The power of runnable specifications

I talk about the advantages of writing a spec directly in your production language.


[00:00:00] The power of runnable specifications. Hello. My name is Eric Normand. And this is my podcast. Welcome.

[00:00:13] Today, I want to talk about an idea called runnable specifications. It's an idea that I think the name comes from Alan. Kay. That's where I got it from. I'm not sure if he invented it. I've seen other inklings of it around. But that's why I'll give credit to.

[00:00:34] So what is a runnable specification? It's when you write down, in a high level language, a description of your solution to a problem in a language that you can then run. So you don't have to translate it, say into some lower level representation. [00:01:00] You can just say directly what you mean.

[00:01:05] Okay. That is a runnable specification. It's called a specification because it's written directly in the language you would use to specify the solution. And it's runnable because it's a programming language and you can run it. So it's a program, but it doesn't mean that that program is ready for production. It's still a specification. Hopefully it is, but maybe it's not.

[00:01:34] So we're going to talk about what are the benefits of making a runnable specification. But I want to go back a little bit and contrast it with a different approach. And so we can see, like what, what's the difference?

[00:01:54] All right. So there's this great book called How to Engineer Software: A Model Based Approach.[00:02:00] It's this very detailed method for engineering software using a model based approach. It's by Steve Tockey. When he talks a model based approach, what he's saying is: We gather requirements and write them down-- basically UML diagrams.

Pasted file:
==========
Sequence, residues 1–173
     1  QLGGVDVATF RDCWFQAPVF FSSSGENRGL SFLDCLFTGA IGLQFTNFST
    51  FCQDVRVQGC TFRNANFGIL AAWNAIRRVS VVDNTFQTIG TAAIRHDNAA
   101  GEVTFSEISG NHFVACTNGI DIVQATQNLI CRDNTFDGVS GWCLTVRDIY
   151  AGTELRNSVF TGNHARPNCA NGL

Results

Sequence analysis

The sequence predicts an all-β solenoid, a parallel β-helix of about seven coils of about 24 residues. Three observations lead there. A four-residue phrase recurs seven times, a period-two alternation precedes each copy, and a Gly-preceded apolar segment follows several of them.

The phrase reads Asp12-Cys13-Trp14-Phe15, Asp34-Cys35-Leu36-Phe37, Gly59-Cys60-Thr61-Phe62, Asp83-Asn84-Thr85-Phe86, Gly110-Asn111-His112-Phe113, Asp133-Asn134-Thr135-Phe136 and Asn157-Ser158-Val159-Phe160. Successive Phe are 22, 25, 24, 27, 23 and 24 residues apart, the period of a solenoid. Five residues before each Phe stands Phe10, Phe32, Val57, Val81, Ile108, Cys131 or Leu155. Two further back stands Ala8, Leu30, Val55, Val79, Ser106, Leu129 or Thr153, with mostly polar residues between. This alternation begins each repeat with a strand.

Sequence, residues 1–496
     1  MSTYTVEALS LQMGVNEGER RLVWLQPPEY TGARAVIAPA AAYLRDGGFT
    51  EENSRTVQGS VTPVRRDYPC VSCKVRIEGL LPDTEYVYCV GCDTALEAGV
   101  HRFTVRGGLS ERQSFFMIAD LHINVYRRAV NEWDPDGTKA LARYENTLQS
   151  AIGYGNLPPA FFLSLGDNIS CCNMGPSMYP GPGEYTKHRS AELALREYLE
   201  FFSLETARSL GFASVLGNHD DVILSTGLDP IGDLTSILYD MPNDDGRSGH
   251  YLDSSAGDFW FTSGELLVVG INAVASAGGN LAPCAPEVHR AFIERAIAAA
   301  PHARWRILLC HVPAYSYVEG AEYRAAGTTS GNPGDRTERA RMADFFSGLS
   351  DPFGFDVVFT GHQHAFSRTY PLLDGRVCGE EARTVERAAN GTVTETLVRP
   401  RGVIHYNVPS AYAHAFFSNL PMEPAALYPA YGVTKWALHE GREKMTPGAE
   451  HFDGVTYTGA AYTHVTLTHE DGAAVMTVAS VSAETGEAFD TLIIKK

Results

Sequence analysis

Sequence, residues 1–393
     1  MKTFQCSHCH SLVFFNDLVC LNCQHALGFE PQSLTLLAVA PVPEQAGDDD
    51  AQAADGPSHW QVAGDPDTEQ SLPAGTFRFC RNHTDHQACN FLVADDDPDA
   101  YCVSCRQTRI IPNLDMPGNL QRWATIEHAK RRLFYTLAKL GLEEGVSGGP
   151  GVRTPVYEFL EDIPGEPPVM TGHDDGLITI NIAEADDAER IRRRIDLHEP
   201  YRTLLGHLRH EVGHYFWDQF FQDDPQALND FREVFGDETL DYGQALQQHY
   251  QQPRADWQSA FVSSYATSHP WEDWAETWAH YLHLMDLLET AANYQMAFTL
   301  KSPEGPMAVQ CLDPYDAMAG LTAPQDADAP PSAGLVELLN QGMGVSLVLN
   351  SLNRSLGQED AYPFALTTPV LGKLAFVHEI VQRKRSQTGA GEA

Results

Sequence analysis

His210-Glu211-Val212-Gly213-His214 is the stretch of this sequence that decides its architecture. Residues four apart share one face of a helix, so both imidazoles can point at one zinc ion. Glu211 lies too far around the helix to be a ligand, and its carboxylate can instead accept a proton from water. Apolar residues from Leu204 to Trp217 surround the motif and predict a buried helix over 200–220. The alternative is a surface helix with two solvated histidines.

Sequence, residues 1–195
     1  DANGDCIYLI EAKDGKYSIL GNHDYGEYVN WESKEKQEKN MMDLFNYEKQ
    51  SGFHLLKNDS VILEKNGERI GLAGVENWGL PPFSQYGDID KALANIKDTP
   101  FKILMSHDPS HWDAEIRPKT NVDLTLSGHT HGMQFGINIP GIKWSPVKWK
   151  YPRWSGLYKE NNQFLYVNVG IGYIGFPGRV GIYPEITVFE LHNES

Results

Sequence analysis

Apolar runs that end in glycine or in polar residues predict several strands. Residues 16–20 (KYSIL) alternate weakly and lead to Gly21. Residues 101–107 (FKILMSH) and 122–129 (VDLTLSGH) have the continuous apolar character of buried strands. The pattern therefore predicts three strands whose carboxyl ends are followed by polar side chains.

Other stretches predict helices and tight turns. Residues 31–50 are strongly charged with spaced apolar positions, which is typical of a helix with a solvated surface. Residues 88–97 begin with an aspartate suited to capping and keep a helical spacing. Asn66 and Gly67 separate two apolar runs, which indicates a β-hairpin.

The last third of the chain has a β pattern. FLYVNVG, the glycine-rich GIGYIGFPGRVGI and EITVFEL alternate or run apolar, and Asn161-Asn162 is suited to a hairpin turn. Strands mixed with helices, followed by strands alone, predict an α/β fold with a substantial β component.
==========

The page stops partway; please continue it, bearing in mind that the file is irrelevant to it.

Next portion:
[00:02:23] Why diagrams? Well, in his experience, if you use prose-- so just text you, just write everything out in English-- then you have this book sized spec. And no one is going to read it. I mean, maybe an engineer is going to read it as they're implementing it. But if you hand it to a business person and say, is this right? Is this what you really want? They're not going to read it.

[00:02:54] Likewise, if you just start writing it in code, say in C++ or in [00:03:00] Java, they're not going to read that either. There it's too verbose. There's too much going on. It's too hard to translate between the code and how it runs on the machine and the ideas that they want to capture. But he has found that people will look at diagrams. Because the diagram captures a lot more information in one page. And it's something that with a little training you can learn to read. It requires a little training because like different arrows. You know, UML relies a lot on different styles of arrows, meaning different things. But once you learn those things, a business person can sit down, look at it and say, oh, you're missing a relationship. Or this requirement is maybe too constrained. It needs to be more free. Right? So you can actually get useful [00:04:00] feedback. A useful conversation with the business person, your client.

[00:04:07] Okay. So in, in his process that he lays out in this book. They go through a requirements gathering phase. It doesn't mean they get all the requirements at front before they start coding, but they get the necessary requirements for the next iteration of coding and do a lot of conversing with the stakeholders, build this complete model of it in UML, and then translate it into C++ or Java or whatever the job requires. Okay. So they don't really get to see it run until the end. Then, also, there's a disconnect between the specification [00:05:00] in UML and the program written in Java. If you write the job and you say, oh, it doesn't work quite right, now you have to go back to your spec and make a change. And it's not always clear where that change should be, because you've, you've translated it. And it's not a one-to-one mapping. There's a problem.

[00:05:26] With runnable specifications you avoid this problem. You are writing in a high level language, sometimes a language that you have custom built just for this problem, but often not. Maybe it's more like a language in the sense used in structured interpretation of computer programs, where even a set of functions that work well together, it would be called a language.

[00:05:54] You build a model of the problem in your language. And then you [00:06:00] write the solution to that problem in that model. And now you can run it. So you can see it work.

[00:06:17] Now, what I said before is it's a program. It might not be production ready. It might not be optimized. It might not have all of the operational requirements necessary. For instance: It might run in memory and not have any persistence to a database, right. That, that could be part of the trade-off that you're making. You could persist it to the database if you wanted to, but for expediency, you might do it faster in memory. Not have to deal with the database.